UK and Taiwan initiate Nanophotonics collaboration

SOUTHAMPTON AND LONDON, ENGLAND AND TAIPEI, TAIWAN—Groups from the UK and Taiwan have agreed on a collaboration program in the field of nanophotonics that will join together research teams from the Optoelectronics Research Centre (ORC) at the University of Southampton, Imperial College London, and the National Taiwan University (NTU).

SOUTHAMPTON AND LONDON, ENGLAND AND TAIPEI, TAIWAN—Groups from the UK and Taiwan have agreed on a collaboration program in the field of nanophotonics that will join together research teams from the Optoelectronics Research Centre (ORC) at the University of Southampton, Imperial College London, and the National Taiwan University (NTU). The UK part of the collaboration will be funded by the Engineering and Physical Sciences Research Council (EPSRC) through a grant worth around $350,000. This has been awarded as part of the council’s “Collaborating for Success through People” program.

A spokesperson from the ORC highlighted two topics in the nanophotonics agenda that are most relevant to the proposed collaboration: nanoscale phase change switching functionality, and plasmonics and nanoscale concentration of light. The groups are aiming to develop a range of new materials, creating a platform for next-generation technologies. These novel materials will help transform existing technologies and will have applications in low-power, ultra-small devices.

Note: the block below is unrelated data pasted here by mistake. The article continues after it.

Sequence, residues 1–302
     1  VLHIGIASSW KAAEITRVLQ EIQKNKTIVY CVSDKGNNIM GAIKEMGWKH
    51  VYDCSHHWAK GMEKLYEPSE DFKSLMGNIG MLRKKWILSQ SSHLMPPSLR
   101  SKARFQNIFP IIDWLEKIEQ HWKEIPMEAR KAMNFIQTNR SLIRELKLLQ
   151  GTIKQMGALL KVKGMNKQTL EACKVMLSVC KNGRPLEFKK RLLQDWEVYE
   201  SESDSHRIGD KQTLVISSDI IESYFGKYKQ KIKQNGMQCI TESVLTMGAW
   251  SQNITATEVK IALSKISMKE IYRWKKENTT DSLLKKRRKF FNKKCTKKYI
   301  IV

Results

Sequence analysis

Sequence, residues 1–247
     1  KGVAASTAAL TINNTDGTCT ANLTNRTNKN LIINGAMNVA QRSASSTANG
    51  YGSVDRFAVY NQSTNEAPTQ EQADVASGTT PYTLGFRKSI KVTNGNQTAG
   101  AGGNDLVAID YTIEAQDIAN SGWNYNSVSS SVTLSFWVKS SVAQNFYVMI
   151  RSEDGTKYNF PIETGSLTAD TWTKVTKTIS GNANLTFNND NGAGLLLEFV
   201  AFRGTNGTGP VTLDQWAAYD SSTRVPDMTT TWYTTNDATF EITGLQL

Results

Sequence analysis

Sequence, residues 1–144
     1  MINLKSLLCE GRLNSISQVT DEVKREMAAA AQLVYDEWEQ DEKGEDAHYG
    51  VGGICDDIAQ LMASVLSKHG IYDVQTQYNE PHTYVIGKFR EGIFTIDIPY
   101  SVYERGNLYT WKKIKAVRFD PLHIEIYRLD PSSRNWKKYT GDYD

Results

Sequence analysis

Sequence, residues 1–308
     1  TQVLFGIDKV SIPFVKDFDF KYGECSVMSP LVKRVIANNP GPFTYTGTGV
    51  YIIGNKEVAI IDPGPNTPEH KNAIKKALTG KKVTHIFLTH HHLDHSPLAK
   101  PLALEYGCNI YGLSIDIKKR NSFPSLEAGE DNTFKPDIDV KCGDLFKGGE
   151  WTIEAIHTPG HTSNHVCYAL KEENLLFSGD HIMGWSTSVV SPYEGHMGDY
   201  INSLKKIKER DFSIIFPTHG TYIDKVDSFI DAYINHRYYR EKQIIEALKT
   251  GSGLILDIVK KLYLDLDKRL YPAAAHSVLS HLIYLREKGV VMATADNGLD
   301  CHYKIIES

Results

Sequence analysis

Lead investigator in the project is ORC deputy director Nikolay Zheludev, who explained, “As part of this collaboration program, a series of exchange visits will be planned for senior staff, researchers at early stages in their careers, and research students. Training opportunities for Taiwanese PhD students in the UK will be another clear benefit of the project. In the modern world, where research and development is rapidly being globalized and outsourced, there is a real shift of research activities from the traditional powerhouses of the West to industrial countries with good educational systems, cheap labor, and favorable economic climate. Evidence of such changes can be seen in the relocation of key research centers of international blue-chip companies to the new industrial nations. This presents a major challenge to the UK research base that can be best addressed by taking a central role in this new worldwide reality and establishing mutually beneficial R&D collaborations with new
players.” —Bridget Marx

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